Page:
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4 Steps to Actually Finish Your Side Project

We’ve all seen the graveyard of abandoned projects folders. Desperately competing for attention but failing in the glow of a new adventure or app that will change the world. I use to do that all the time, now I finished 4 apps, and 2 other projects within the last year by applying the following steps.

1. Cut it in half

The best book to read if you want to finish side projects is "Finish: Give Yourself the Gift of Done" by Jon Acuff. In it, the author goes on about taking your goal and cutting it in half, or for programmers going for the minimal viable product.

Earlier this year I started to build an Etsy store that sold programming posters. Initially, I had a ton of designs that I wanted to make, there was nothing like it on the market and I thought it would be great. I have yet to sell a single one. Why is this important, because instead of designing all 20 plus posters, I made 6. Promising myself that if they sold I could do the rest, but now I know nobody buys them. This killed my motivation to make any more, and have since moved on.

2. Schedule the Time

The only way to finish is to complete progress every day. Personally I don’t put a time limit on how long I can work on a project or when its “due.” This is a fun side project, not a deadline for my Boss. Instead, I work on a project for about one hour every morning, and if life gets crazy I take a week off. If I didn’t sleep right the night before I take the day off, but aim to stick to the two-day rule. This way I’m slowly making progress without burning out and when I get to a good part I end up working on it for even longer in the evening.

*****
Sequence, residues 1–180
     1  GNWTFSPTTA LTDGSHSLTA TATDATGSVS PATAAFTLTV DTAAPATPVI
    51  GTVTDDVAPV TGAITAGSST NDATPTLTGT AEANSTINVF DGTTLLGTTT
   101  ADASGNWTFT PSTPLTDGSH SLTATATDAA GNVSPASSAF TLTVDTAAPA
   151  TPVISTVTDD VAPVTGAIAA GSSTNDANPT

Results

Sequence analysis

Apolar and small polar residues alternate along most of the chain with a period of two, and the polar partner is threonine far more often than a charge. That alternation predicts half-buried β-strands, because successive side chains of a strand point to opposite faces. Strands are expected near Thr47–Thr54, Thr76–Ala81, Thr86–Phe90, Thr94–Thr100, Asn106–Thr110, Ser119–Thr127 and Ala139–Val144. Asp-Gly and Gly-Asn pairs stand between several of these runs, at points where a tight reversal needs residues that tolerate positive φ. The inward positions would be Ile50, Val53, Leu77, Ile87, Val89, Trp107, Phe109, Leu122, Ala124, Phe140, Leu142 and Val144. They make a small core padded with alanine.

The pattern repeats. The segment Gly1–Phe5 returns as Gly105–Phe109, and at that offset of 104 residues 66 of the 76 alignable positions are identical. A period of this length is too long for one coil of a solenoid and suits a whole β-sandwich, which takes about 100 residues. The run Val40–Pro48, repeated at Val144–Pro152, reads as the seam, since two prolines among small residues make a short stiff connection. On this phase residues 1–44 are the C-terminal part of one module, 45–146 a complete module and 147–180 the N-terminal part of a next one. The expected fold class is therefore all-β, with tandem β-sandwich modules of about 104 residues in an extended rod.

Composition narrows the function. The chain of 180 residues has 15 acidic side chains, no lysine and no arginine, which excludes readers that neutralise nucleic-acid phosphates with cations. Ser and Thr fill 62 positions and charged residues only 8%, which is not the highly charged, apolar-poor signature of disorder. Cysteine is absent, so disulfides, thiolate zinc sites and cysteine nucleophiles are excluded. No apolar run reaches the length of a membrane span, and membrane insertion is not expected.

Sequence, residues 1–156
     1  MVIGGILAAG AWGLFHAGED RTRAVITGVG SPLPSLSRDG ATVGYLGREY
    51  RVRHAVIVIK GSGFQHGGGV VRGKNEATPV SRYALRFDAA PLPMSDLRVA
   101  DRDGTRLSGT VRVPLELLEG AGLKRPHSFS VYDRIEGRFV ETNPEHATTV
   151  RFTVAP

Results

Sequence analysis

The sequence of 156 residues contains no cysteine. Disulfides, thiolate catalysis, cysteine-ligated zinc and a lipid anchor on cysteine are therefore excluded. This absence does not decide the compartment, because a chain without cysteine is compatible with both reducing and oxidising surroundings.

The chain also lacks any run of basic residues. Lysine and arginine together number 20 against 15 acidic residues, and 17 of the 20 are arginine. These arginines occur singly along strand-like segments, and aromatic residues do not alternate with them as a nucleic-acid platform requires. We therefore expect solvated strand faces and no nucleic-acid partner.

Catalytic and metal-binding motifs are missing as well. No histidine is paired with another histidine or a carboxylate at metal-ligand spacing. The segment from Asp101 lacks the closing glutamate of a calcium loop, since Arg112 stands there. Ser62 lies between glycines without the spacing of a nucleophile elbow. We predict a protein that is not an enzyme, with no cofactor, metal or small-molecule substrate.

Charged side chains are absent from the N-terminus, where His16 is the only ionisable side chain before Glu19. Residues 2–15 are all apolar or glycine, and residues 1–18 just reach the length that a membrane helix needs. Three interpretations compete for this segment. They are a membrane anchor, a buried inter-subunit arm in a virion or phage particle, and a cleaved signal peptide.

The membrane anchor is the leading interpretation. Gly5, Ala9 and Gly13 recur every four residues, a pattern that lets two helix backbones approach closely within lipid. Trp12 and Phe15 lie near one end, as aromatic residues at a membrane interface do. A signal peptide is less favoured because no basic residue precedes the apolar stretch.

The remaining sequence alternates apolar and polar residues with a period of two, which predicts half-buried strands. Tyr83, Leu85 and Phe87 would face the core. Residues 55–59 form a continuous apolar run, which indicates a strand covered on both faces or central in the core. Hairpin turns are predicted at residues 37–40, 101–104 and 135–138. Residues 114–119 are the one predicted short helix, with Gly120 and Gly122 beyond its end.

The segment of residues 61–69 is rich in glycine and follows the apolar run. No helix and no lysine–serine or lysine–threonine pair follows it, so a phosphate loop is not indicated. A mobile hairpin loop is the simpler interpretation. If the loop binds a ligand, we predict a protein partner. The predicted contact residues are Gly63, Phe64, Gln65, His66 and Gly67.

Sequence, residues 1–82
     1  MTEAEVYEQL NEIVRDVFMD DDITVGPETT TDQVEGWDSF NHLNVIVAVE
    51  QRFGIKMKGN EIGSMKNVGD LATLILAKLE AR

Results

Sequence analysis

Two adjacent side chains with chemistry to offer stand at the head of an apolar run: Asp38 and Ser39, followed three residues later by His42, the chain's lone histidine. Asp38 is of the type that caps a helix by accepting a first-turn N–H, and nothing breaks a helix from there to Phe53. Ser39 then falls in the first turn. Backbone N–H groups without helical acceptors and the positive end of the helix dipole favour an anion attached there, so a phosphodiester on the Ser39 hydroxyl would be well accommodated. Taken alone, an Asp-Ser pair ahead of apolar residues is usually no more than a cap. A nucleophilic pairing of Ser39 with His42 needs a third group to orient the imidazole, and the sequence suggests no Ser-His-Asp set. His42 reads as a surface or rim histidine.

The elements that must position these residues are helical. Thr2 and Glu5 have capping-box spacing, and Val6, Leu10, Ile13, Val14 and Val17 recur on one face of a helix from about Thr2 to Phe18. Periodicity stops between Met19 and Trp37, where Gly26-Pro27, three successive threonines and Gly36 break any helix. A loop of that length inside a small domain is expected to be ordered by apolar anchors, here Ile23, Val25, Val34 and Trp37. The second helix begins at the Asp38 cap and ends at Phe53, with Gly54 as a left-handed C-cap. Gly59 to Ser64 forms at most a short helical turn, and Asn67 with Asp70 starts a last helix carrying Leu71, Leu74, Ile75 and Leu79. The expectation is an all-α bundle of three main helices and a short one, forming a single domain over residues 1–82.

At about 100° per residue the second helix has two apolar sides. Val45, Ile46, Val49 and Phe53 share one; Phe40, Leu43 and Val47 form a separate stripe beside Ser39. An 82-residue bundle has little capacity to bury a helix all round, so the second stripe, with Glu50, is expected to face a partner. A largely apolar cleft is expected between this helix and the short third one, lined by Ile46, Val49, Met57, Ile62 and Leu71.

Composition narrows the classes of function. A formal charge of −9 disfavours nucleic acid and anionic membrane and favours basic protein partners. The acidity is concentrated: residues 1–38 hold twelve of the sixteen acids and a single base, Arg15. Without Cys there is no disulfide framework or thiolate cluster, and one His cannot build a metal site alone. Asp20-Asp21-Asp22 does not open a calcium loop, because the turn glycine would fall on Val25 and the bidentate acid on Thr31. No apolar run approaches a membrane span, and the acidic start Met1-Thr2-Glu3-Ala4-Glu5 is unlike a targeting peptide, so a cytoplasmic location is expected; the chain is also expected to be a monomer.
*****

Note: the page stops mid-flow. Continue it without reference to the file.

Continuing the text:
3. Essentialism the Project

Perhaps the largest contributor to half-finished projects is working on multiple projects at once. I have to be extremely strict with myself on this rule or else I’ll start a new project and completely forget the last. I even get to the point where I go on strike with myself when I get to the boring phase of each project. Part of me refuses to work and the other part refuses to start something new until I cave in and finish.

4. Stagger Learning

Early on I realized that with each learning curve comes a pit of despair (usually where I have to go on self-strike as mentioned above). If there’s too much in a project I don’t know how to do, it becomes harder to get through all that despair and finish. My first app on the App Store took one day to build, and three to publish. Why? Because I had never published an app before, I didn’t know how to upload a package, let alone write a privacy policy. But with a little new-ness to keep me engaged and other finished projects acting as motivation I was quickly able to figure it out. Now I cruise through the publishing requirements and spend more time focusing on better app design.

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